So, let’s get this straight. Wetzstein is arguing that having a 50-year-old gym teacher roll a condom on a banana under fluorescent lights is as sexually exciting to teenagers as sexy pop stars making out with hot models in music videos, and therefore as likely to compel said kids to try out this sex stuff themselves.  But the evidence actually cited in the AAP report indicates the opposite. 

Eight peer-reviewed, controlled clinical trials have revealed that giving teenagers freer access to condoms does not increase their sexual activity or encourage virginal teenagers to be- gin having sex, but it does increase the use of condoms among those who are already sexually active.

The report also gently points out that teenagers aren’t stupid, and can understand more complex messages than, “Just say no.”  In fact, outside of the realm of sex education, even hard line right wingers tend to understand that adolescents can handle information that’s more complex than what’s offered on “Barney.”  We expect adolescents to read Shakespeare, excel in chemistry and trigonometry, and put together a yearbook.  In comparison to these activities, the message, “Wait until you’re emotionally ready to have sex, and use a condom when you do,” is incredibly simple.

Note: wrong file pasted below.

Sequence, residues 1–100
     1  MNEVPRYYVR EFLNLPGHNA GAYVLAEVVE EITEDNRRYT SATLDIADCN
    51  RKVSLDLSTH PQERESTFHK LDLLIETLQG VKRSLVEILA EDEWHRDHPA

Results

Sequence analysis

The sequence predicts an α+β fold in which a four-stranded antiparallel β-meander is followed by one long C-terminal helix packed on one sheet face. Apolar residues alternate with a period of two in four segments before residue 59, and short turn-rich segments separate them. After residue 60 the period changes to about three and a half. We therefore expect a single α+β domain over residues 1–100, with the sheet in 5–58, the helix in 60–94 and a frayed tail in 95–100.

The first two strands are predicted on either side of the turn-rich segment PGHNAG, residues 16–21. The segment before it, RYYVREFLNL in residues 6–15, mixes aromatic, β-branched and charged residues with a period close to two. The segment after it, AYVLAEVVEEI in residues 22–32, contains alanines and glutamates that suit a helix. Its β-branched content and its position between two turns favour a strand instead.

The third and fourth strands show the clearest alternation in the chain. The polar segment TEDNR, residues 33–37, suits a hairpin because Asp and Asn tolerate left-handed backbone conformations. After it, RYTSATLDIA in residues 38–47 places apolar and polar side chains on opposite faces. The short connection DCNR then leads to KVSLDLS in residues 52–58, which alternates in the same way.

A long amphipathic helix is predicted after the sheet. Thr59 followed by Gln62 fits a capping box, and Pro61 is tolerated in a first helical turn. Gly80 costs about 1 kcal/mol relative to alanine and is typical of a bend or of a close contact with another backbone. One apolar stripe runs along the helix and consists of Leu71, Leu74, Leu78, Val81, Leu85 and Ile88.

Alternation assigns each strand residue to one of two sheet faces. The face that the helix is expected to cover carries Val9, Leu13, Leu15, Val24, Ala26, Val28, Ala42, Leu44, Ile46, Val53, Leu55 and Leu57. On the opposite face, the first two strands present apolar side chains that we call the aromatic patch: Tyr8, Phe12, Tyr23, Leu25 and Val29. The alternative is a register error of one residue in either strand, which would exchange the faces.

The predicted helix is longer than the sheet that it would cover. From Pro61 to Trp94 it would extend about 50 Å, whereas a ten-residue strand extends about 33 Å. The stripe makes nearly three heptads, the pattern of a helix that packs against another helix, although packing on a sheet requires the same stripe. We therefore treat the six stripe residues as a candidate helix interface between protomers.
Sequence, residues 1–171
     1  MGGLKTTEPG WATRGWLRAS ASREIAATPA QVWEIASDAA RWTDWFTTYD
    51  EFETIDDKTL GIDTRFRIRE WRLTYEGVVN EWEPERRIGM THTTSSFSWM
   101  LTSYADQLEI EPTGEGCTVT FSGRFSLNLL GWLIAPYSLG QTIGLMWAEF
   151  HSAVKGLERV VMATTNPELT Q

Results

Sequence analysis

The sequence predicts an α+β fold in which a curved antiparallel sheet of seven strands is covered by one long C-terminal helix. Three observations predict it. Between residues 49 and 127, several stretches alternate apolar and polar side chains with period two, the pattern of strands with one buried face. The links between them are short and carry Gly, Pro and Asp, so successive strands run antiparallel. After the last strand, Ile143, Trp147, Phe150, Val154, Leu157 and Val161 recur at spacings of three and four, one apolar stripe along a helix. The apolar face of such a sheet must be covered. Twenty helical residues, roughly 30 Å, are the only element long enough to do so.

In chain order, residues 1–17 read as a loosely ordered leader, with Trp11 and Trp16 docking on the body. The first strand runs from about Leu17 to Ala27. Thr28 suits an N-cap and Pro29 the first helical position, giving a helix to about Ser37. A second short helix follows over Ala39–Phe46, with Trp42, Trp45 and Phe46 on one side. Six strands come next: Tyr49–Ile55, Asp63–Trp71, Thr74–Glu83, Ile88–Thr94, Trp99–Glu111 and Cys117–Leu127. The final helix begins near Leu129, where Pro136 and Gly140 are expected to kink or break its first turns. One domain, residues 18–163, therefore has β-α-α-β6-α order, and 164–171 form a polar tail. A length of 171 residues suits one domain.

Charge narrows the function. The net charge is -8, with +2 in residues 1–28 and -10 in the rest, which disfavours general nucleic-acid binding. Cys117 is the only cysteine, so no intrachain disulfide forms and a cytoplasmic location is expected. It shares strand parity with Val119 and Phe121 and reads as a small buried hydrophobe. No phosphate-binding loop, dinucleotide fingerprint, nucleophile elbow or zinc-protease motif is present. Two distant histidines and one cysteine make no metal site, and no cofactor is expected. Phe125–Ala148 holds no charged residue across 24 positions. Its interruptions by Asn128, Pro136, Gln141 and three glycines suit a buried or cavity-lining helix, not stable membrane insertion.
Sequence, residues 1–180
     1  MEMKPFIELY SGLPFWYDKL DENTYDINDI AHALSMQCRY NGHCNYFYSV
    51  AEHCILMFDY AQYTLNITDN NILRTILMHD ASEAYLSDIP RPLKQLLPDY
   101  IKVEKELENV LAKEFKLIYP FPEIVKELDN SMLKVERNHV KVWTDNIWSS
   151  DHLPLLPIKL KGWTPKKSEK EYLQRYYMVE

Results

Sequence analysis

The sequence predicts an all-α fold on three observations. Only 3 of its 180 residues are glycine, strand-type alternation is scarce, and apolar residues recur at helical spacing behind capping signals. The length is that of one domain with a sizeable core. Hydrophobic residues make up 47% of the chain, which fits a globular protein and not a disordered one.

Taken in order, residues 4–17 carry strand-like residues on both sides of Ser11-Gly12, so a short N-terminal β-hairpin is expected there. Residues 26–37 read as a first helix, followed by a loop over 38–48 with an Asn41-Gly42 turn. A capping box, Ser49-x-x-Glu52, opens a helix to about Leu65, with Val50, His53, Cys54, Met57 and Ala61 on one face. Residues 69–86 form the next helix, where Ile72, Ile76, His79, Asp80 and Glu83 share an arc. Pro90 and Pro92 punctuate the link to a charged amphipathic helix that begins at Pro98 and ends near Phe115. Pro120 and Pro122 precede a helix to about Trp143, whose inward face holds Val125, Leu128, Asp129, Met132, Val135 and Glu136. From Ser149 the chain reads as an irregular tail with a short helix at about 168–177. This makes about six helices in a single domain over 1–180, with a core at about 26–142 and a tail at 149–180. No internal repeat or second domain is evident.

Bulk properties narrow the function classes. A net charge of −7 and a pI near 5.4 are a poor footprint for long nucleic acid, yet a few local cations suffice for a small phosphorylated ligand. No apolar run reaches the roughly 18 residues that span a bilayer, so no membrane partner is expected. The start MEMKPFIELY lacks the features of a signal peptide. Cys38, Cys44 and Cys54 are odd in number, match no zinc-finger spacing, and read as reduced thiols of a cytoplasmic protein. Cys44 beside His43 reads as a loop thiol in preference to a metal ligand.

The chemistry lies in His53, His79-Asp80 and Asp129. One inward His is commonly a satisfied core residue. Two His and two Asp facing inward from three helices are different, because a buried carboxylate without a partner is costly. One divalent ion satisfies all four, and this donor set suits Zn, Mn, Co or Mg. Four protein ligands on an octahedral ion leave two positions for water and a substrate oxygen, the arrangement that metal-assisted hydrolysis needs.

Unlike the Washington Times, the AAP understands the importance of context and nuance in media.  Much of the report details how it’s not just the mention of sex in the mainstream media that’s the problem, but it’s the specific way that it’s portrayed. 

American media make sex seem like a harmless sport in which everyone engages, and results of considerable research have indicated that the media can have a major effect on young people’s attitudes and behaviors.